Accordingly, SoC and ASIC designers desire to bring in an external or third party IP, assess the IP for compliance with their organization's standards, requirements, and needs, and then integrate the IP into the in-house design flow for further evaluation or analysis before buying or committing to the IP. This process, however, is currently error-prone and ad hoc as SoC and ASIC designers must manually evaluate each IP for compliance with rules, tools, or other organizational requirements, a time-consuming and expensive process. An IP may be required to satisfy both organization standards and industry standards. Industry standards, such as PCI Express, USB On-the-Go, or 10-Gbit/second Ethernet, are well-known and allow IP developers to adapt their IPs to meet these standards. Many of the organization's own standards, however, must be kept confidential and proprietary, making it difficult for third party IP developers to ensure that their IPs conform to the organization's requirements. An organization often desires to keep its internal design and fabrication processes confidential because, among other reasons, publishing requirements for IPs may give competitors insight into upcoming, next-generation products and fabrication capabilities. The resources required to assess and integrate third party IPs, when combined with the dramatic increase in the use of IPs, result in a need to reduce the time and other resources currently used to manually assess and integrate IPs. There is, therefore, a need for an effective and efficient system to assess and integrate silicon IPs into in-house design flows efficiently, cost-effectively, and in a timely and consistent manner.
The problems identified above are in large part addressed by systems, methods, and media for a schema-based portal for assessment and integration of silicon IPs. One embodiment generally provides a method for managing third party silicon IPs and silicon design. The method may generally include receiving external IP information at an IP portal from a third party via a secure access layer and performing one or more functions on the received IP information (IP specsheet, databook, design filesets, etc.). Embodiments of the method may also include authorizing certain user access privileges and encrypting a message based on an interface protocol and transmitting the encrypted message. The functions may include an IP search, an IP qualification, an IP certification, an IP request, or an IP design data delivery and exchange. The portal interface protocol may include an external interface protocol and an internal interface protocol in some embodiments. An internal user or design system may represent a user or design system that is internal to a company or other organization, within an organization's firewall, within a company's proprietary and secure design environment and IT infrastructure, or otherwise having access to internal design information, while an external user or organization is an entity that does not meet the standard.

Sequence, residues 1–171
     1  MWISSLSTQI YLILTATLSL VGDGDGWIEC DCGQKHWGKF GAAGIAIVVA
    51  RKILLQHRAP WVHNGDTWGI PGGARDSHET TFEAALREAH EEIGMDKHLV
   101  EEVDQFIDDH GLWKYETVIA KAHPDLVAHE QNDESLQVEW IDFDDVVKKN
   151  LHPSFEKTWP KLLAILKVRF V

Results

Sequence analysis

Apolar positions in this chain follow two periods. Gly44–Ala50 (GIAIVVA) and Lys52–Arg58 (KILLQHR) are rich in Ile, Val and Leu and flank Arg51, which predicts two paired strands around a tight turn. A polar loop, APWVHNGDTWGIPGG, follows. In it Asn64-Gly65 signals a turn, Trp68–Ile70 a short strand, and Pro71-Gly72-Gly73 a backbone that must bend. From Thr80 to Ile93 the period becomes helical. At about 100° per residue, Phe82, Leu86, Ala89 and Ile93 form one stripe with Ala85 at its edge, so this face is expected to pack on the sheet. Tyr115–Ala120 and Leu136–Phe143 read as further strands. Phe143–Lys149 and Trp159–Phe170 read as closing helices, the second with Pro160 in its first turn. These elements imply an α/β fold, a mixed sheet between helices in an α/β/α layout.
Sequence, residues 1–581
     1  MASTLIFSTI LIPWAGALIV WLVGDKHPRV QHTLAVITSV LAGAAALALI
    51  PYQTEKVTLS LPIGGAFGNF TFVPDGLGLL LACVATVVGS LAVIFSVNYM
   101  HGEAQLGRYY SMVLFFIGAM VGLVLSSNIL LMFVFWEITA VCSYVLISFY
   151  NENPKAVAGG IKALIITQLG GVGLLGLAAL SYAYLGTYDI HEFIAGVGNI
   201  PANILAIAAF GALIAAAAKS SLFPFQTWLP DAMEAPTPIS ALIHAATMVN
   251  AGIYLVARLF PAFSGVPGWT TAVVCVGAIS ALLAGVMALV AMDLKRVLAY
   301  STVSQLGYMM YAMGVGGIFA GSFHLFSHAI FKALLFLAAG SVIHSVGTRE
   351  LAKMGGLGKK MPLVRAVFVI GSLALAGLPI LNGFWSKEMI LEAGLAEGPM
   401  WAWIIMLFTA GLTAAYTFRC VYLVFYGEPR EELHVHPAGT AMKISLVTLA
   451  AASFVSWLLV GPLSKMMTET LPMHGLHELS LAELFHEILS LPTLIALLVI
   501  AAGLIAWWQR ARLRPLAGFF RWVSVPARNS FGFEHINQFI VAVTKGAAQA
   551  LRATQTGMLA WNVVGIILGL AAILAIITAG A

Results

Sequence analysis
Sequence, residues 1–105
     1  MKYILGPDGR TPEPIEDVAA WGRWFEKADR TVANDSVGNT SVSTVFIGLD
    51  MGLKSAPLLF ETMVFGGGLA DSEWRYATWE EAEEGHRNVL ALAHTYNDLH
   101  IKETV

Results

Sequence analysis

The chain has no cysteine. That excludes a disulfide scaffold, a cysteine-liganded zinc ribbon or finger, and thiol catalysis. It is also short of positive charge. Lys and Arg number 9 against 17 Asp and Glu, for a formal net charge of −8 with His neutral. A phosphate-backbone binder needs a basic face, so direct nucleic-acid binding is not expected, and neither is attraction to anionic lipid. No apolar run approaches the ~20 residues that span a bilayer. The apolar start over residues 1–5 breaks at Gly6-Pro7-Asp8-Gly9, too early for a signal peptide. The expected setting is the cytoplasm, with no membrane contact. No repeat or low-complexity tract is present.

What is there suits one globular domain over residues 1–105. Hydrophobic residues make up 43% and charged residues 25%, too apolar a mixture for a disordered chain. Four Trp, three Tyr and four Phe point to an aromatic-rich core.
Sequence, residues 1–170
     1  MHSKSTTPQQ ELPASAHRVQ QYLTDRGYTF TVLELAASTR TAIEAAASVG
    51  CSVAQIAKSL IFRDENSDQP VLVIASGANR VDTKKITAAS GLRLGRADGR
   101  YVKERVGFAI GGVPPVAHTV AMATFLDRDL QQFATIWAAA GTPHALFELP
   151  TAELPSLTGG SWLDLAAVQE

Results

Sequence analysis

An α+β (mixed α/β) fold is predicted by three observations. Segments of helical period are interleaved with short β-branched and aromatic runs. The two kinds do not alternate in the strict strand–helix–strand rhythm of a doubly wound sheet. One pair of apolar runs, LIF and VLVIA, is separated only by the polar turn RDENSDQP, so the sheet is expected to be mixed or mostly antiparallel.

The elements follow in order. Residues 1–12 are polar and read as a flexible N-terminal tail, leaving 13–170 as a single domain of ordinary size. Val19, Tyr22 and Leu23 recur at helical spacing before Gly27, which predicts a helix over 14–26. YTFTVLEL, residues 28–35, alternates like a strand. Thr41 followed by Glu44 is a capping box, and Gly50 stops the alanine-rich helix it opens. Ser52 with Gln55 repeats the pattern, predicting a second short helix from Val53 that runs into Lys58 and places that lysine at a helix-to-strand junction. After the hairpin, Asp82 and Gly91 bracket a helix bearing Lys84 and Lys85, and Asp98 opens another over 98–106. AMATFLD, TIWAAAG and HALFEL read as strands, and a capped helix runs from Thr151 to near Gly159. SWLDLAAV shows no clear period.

Another embodiment provides a machine-accessible and machine-interpretable medium containing instructions that are effective when executed in a data processing system to cause the system to perform a series of operations for managing third party IPs. The series of operations generally includes receiving external IP information at an IP portal from a third party via a secure access layer and performing one or more functions on the received IP information (IP specsheet, databook, design filesets, etc.). Embodiments of the series of operations may also include authorizing certain user access privileges and encrypting a message based on an interface protocol and transmitting the encrypted message. The functions may include an IP search, an IP qualification, an IP certification, an IP request, or an IP design data delivery and exchange. The interface protocol may include an external interface protocol and an internal interface protocol in some embodiments.